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Difference in signs OF PHASES of -7cos(5x-3) and -cot(3x-4)?

  1. Feb 3, 2012 #1
    1. The problem statement, all variables and given/known data

    The phase of -7cos(5x-3) is -3/5

    The phase of -cot(3x-4) is 4/3


    2. Relevant equations
    3. The attempt at a solution

    Why the difference in the signs of phases? I think the phase of -cot(3x-4) should be -4/3. Its an odd function: -cot(3x-4)=cot(-3x+4) and even then its phase looks to be -4/3.

    Also, would -7cos(5x-3) equal -7cos(-5x+3) because it's an even function?

    Thanks.
     
  2. jcsd
  3. Feb 4, 2012 #2
    Try it yourself. Plug some values into a cosine function and then change the function to negative with the same values, see what you get.
     
  4. Feb 4, 2012 #3
    I did. cos(x)=cos(-x) holds true.

    What about phases though?
     
  5. Jun 3, 2012 #4
    Please, help me determine phase difference

    Hi, All.

    1. The problem statement, all variables and given/known data

    1. f(x)= -7cos(5x-3)= -7cos5(x-3/5)

    cosx is an even function. f(x)=f(-x)

    phase difference here is -3/5

    2. g(x)=- cot(3x-4)= cot(-3x+4)=cot3(-x+4/3)

    cotx is an odd function g(-x)=-g(x)

    phase difference is 4/3


    2. Relevant equations
    3. The attempt at a solution

    I have couple questions:

    1. Why did we derive the phase difference from f(x) and not from f(-x) in the first example ?
    2. Why did we derive the phase difference from f(-x) and not from -f(x) in the second example ?
    3. Is f(x) is preferable to work with to f(-x) and f(-x) to -f(x)?

    Thanks.
     
    Last edited by a moderator: Jun 4, 2012
  6. Jun 4, 2012 #5

    rude man

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    Homework Helper
    Gold Member

    Re: Please, help me determine phase difference

    It just depends on definition of phase "difference."

    If I say A-B is the difference between A and B I would be correct.
    And if I say B-A is the difference between A and B I would still be correct. "Difference" by itself has no polarity.

    BUT: sin(x-ψ) represents a waveform with lagging phase ψ.
    If x = ωt and t is time, then you can see that sin(x-ψ) lags sin(x) by phase angle ψ or equivalently by time τ = ψ/ω.
     
  7. Jun 4, 2012 #6

    berkeman

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    Staff: Mentor

    (Moderator note -- multiple threads merged)
     
  8. Jun 6, 2012 #7
    solve,
    No, it is -7cos(5(x-(3/5)), which means that -7cos(5x-3) has a phase lag of 3/5 radians when compared to -7cos(5x).

    Yes, it is -cot(3(x-(4/3)), which means that -cot(3x-4) has a phase lag of 4/3 radians when compared to -cot(3x). Note that this phase lag is greater than the period of -cot(3x), which is ∏/3.

    What difference? They both show positive values, which means they both lag in phase.

    That would be wrong. -cot(3(x-(-4/3)) is not the equation given.

    Its phase is 4/3 radians and it is lagging.

    Phase is zero for either representation.

    Which equation with respect to what equation?

    Which equation with respect to what equation?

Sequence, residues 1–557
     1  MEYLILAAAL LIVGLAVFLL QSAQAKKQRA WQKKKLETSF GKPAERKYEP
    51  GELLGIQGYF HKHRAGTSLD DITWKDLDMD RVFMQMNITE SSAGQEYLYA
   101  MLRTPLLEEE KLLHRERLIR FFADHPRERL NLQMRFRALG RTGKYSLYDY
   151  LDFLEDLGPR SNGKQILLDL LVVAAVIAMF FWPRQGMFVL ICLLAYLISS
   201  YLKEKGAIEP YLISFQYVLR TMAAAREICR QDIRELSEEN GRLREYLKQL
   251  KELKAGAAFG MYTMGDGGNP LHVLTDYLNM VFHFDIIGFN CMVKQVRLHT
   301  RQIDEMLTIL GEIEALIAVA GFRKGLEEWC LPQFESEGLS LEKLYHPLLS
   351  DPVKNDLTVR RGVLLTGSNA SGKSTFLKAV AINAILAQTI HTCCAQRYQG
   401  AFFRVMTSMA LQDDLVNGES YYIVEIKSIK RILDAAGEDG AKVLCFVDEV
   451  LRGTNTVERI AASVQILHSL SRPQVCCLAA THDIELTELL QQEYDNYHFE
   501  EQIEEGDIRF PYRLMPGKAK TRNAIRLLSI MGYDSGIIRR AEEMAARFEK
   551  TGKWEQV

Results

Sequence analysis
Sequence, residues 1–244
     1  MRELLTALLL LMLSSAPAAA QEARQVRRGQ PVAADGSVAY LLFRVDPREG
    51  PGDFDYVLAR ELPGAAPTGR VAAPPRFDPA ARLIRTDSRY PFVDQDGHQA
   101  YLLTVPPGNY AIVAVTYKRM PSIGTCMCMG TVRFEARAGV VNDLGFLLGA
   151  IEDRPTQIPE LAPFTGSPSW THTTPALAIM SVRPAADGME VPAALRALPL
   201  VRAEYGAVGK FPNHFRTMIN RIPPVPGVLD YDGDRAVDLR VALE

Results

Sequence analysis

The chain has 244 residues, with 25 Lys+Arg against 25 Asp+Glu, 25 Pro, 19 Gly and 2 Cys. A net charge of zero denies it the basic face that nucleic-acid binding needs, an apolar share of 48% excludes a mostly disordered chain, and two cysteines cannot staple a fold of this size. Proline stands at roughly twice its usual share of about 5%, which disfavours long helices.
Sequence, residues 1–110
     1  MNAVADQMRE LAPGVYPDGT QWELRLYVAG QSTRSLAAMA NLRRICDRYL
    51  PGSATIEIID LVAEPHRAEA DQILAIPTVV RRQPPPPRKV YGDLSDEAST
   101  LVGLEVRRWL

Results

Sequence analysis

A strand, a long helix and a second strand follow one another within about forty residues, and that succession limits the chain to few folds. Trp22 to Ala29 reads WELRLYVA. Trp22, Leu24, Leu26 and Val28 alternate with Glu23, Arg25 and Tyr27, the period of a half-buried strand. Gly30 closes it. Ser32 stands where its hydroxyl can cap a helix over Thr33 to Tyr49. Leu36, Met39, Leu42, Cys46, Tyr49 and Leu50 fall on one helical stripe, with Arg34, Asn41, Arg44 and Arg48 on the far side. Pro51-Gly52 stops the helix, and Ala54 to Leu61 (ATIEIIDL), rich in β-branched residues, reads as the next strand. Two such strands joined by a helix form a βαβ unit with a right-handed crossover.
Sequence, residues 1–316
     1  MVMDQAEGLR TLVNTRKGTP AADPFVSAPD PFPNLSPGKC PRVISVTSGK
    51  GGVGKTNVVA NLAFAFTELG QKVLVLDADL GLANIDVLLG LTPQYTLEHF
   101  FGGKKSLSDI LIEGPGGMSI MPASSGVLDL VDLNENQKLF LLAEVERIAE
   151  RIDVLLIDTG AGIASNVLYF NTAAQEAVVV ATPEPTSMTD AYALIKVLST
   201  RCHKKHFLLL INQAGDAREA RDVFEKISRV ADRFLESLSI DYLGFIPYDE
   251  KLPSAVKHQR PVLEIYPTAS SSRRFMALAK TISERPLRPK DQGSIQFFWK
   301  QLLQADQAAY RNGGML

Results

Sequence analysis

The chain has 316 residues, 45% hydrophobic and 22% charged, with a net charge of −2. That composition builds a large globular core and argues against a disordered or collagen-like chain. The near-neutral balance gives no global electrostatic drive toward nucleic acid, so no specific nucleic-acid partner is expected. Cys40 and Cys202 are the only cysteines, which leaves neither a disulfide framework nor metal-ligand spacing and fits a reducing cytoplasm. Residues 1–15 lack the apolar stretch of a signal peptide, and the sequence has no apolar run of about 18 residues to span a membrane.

You could have done so, the values would not change.

    You could have done so, the values would not change.

    It makes no difference, the values will still be the same.

    Ratch
     
  9. Jun 7, 2012 #8
    Hi, Ratch.

    The logic here: -7cos(5x-3)= -7cos5(x-3/5), so the phase is -3/5.

    The logic: -cot(3x-4)= cot(-3x+4)= cot3(-x+4), so the phase looks to be 4/3, but the phase of -cot(3x-4) looks like -4/3, except I am not sure how negative cot influences the phase.


    Not equations, but just functions:

    f(x)= -7cos(5x-3)= f(-x)=-7cos5(x-3/5)

    -g(x)=- cot(3x-4)= g(-x)=cot3(-x+4/3)



    I don't know what's up with me, but asking that bunch of questions is just stupid since, for example, f(x)=f(-x) in relation to an example given above, so "it makes no difference, the values will still be the same." Thanks for that. Except, again, -cot3(x-4/3) seems to have -4/3 as its phase.
     
    Last edited: Jun 7, 2012
  10. Jun 7, 2012 #9
    solve,

    The convention is that a positive phase means the given term is lagging. If you say the phase is minus, then it is leading. That is not correct. See plot below.

    cot(-3x+4)= cot(-3(x-(4/3)) , so yes the phase is 4/3 radians. A negative wave has the same phase as a positive one does.

    Which are defined by equations.

    What are those equations supposed to signify?

    Put in this form, -cot3(x-4/3)==cot(3(x-(4/3)) shows it has a positive or lagging phase. See plot.

    Ratch
     

    Attached Files:

  11. Jun 7, 2012 #10
    I dont think I understand you correctly. For instance, y=sin(x+ pi/4) leads y=sinx by a phase of pi/4. y=sin(x- pi/4) lags behind y=sinx with a phase difference of pi/4. Would that be correct?

    They have to do with the questions about the preference of use between -f(x) and f(-x) i.e -cot(3x-4) or cot(-3x+4) to find the phases. You already answered that question.

    Thanks.
     
  12. Jun 7, 2012 #11
    solve,

    Yes, that is correct. y=sin(x-(-π/4)), shows a -π/4 (minus), which means leading. y=sin(x-(π/4)) shows a π/4 (positive), which is lagging. Isn't that what I averred? See link below.

    http://www.regentsprep.org/Regents/math/algtrig/ATT7/phaseshift.htm

    Ratch
     
  13. Jun 9, 2012 #12
    Also, is it true that cos(pi/2- x)=cos(x- pi/2)= sinx ?

    Thanks, Ratch.
     
  14. Jun 9, 2012 #13
    solve,

    Yes, those equations are well known trig identities.

    Ratch
     
  15. Jun 12, 2012 #14
    Thanks, Ratch.
     
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